Can I Be Held Responsible For My Tenants’ Slip And Fall Injuries?

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There are many benefits to becoming a landlord. Landlords are able to collect a relatively hands-off income through rental properties, while also gaining equity over time and having the ability to potentially return to their properties in the future if they wish to live within them. There are a variety of different types of landlords; some simply own one rental property and perhaps became landlords through providence, with their rental income supporting the single property largely; others own multiple properties, or perhaps even entire buildings and may even derive their primary incomes through these properties. Furthermore, certain landlords prefer to handle as much of their property management on their own, even taking care of certain repairs by themselves. Others do not even meet their tenants in person and would rather rely on property management companies to handle their affairs for them.

However, certain issues affect landlords regardless of how many properties they own, what kind of properties they own, or whether or not they work with a property management company. One of the biggest questions that many landlords have about their ownership of properties is to what degree they are liable for slip and fall injuries within their properties. This can be a particularly troublesome issue for apartment building owners, as they have a large number of tenants in the building at one time, and therefore a larger risk for slip and fall injuries. Already, 2015 alone saw over 20,000 workplace slip and fall injuries reported to the Occupation Safety and Health Administration merely within the state of California. But there is a difference between workplace slip and fall injuries and slip and fall injuries that occur within the home. There are more differences still when the home is a rental property.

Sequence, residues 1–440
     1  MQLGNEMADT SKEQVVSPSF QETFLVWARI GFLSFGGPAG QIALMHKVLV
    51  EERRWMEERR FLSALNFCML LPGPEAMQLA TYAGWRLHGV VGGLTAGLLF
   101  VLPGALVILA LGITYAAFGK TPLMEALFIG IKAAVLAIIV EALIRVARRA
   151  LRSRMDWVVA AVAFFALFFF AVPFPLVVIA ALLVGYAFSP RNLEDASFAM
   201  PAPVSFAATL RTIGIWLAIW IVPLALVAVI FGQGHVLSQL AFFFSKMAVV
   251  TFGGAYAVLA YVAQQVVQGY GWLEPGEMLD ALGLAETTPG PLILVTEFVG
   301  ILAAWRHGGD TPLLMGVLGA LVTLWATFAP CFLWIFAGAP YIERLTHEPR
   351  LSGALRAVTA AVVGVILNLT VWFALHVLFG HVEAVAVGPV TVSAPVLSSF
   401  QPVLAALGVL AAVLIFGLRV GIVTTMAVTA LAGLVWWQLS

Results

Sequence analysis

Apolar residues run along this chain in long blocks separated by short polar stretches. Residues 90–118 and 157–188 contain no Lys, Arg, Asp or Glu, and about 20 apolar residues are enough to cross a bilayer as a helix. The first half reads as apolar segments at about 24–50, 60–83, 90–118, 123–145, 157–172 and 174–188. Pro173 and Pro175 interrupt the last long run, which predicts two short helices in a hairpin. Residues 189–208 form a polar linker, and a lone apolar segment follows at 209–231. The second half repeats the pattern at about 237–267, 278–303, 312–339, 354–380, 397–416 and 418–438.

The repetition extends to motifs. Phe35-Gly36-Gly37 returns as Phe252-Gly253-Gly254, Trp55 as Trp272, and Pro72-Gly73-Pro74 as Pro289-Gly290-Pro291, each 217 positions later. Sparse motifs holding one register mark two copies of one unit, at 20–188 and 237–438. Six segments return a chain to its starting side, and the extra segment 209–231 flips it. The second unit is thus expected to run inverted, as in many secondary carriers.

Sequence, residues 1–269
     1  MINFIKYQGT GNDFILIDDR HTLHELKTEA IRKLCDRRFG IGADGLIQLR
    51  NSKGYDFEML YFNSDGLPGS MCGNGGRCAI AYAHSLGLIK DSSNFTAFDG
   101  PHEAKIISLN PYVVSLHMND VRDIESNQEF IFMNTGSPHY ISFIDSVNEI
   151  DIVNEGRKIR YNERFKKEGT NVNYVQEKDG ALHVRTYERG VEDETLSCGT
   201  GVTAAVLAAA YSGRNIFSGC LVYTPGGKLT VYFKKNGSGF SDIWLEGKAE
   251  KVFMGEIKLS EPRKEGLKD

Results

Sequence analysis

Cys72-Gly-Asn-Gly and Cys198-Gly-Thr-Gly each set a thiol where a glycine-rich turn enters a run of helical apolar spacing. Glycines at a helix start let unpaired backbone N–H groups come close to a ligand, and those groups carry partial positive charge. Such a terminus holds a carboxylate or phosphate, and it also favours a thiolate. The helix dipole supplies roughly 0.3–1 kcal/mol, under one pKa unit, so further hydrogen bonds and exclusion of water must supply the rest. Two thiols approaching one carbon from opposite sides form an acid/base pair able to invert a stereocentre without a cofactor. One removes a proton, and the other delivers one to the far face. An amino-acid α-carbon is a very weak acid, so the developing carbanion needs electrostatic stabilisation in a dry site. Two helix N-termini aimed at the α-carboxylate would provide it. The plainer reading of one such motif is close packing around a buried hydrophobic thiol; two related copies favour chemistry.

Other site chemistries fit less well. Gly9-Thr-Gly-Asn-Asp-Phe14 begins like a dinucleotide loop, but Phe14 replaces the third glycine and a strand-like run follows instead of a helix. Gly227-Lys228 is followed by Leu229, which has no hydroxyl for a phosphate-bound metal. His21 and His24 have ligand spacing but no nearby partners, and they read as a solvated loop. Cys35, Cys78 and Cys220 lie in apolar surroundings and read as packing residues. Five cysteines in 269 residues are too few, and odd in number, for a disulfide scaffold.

Can Landlords Be Held Responsible For Slip And Fall Injuries That Occur On Their Properties?

The short answer to this is that yes, landlords can be held responsible for slip and fall injuries that occur on their properties; however, they may not always be held responsible for these injuries. A tenant would essentially need to bring a personal injury lawsuit against their landlord in order to be compensated. As is the situation for almost any personal injury case, negligence would therefore need to be proven. If the landlord cannot be proven to have been negligent, they will not be held liable. This means that the landlord is not liable if their tenant merely slips and falls on the property; rather, the landlord would have needed to cause or fail to prevent the conditions in which the slip and fall injury occurred. Even if the property was somehow unsafe, this alone does not mean that the landlord will be held liable. Rather, the property would need to be unsafe with the landlord’s knowledge; in this case, they were negligent in their failure to address the unsafe living conditions.

What Types Of Conditions Constitute Negligence?